1. Medusozoans colony is whitish, and brown in appearance and has both mobile and sessile forms.
  2. Gonangium contains- gonopore, gonotheca and gonostyle.
  3. Medusozoa show metagenesis. Hydranths include the mouth, hypostome and hydrotheca.
  4. The mouth of medusozoa is covered with tentacles and stinging organs.
  5. Medusozoa have a thin, elastic skin-like structure in between ectoderm and endoderm termed mesoglea.
  6. Planula larvae are found in some species of cnidarians like Obelia.
  7. Medusozoans can also show agamogenesis by budding as in Hydra.
  8. Linthocyte, statocysts or tentaculocysts are receptor organs in medusozoa that also helps in balancing during swimming.
  9. Members of the order-Siphonophora show maximum polymorphism. An example is Hydractinia which is a polymorphic having 5 polyp forms.
  10. Some species of medusozoa also shows trimorphism i.e., polyp, blastostyle and medusae.
  11. Other examples are- Phyllorhiza punctata, Carybdea branchi, Physalia physalis, Polypodium hydriforme, Cerianthus filiformis, Gorgonia ventalin, Acropora muricata etc.

Medusozoa sting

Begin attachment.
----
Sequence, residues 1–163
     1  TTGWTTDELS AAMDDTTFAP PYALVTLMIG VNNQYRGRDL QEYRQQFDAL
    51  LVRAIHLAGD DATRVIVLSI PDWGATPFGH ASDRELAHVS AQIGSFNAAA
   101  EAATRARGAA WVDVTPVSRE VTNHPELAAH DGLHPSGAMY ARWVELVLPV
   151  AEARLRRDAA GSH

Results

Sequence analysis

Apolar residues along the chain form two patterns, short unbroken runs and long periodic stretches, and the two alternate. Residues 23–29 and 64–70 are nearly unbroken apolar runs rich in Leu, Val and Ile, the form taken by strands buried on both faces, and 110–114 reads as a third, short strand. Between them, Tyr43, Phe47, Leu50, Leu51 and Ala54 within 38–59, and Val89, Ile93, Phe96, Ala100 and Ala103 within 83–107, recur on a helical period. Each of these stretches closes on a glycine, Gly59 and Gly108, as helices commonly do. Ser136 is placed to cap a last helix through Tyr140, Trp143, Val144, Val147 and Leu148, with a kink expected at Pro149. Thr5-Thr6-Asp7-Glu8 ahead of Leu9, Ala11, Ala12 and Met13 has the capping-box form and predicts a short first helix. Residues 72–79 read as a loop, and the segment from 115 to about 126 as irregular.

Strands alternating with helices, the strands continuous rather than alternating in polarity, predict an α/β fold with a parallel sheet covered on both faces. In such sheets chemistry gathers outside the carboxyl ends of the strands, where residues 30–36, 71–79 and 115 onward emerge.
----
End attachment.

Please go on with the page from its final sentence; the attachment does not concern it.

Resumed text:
Medusozoans have a sting to capture and inject their prey to get nutrition i.e., they are carnivorous. Let us see what type of stingers medusozoans use.

Nematocysts or cnidocysts are the stinging structures in medusozoa produced from golgi apparatus as a secretory product. It is a specific organ that has barbs and threads to trap and inject the venom inside the body of hosts. These are also used in defence from predators.

Nematocysts are hair-like structures having neurotoxin 1 which is used to take over and unconscious the prey. They are the mechano-chemo receptor which acts on crustaceans by penetration of the ectodermal tissues via the triggering mechanism.


Medusozoans are the smaller carnivorous organisms found in both marine and freshwater environments. They have two phases in life, polyploid and medusoid representing the alternation of generation. They possess a stinging organ, bound with tentacles called cnidae or nematocysts.